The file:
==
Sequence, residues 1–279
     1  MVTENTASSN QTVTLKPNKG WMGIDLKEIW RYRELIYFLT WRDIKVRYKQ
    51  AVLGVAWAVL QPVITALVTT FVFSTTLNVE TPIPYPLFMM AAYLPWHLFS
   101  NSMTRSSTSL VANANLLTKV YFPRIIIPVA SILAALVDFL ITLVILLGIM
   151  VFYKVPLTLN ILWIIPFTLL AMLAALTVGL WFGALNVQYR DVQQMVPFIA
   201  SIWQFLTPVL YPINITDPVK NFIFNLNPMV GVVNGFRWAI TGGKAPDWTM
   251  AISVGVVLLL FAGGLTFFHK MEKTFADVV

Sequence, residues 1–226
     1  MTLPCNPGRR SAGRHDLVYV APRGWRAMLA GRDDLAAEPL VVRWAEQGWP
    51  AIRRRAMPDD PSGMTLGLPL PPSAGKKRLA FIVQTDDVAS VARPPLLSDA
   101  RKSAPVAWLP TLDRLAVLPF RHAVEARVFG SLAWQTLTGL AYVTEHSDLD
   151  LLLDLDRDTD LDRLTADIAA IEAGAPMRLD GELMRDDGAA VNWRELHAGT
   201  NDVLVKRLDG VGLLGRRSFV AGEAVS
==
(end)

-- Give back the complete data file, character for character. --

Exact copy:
Sequence, residues 1–279
     1  MVTENTASSN QTVTLKPNKG WMGIDLKEIW RYRELIYFLT WRDIKVRYKQ
    51  AVLGVAWAVL QPVITALVTT FVFSTTLNVE TPIPYPLFMM AAYLPWHLFS
   101  NSMTRSSTSL VANANLLTKV YFPRIIIPVA SILAALVDFL ITLVILLGIM
   151  VFYKVPLTLN ILWIIPFTLL AMLAALTVGL WFGALNVQYR DVQQMVPFIA
   201  SIWQFLTPVL YPINITDPVK NFIFNLNPMV GVVNGFRWAI TGGKAPDWTM
   251  AISVGVVLLL FAGGLTFFHK MEKTFADVV

Sequence, residues 1–226
     1  MTLPCNPGRR SAGRHDLVYV APRGWRAMLA GRDDLAAEPL VVRWAEQGWP
    51  AIRRRAMPDD PSGMTLGLPL PPSAGKKRLA FIVQTDDVAS VARPPLLSDA
   101  RKSAPVAWLP TLDRLAVLPF RHAVEARVFG SLAWQTLTGL AYVTEHSDLD
   151  LLLDLDRDTD LDRLTADIAA IEAGAPMRLD GELMRDDGAA VNWRELHAGT
   201  NDVLVKRLDG VGLLGRRSFV AGEAVS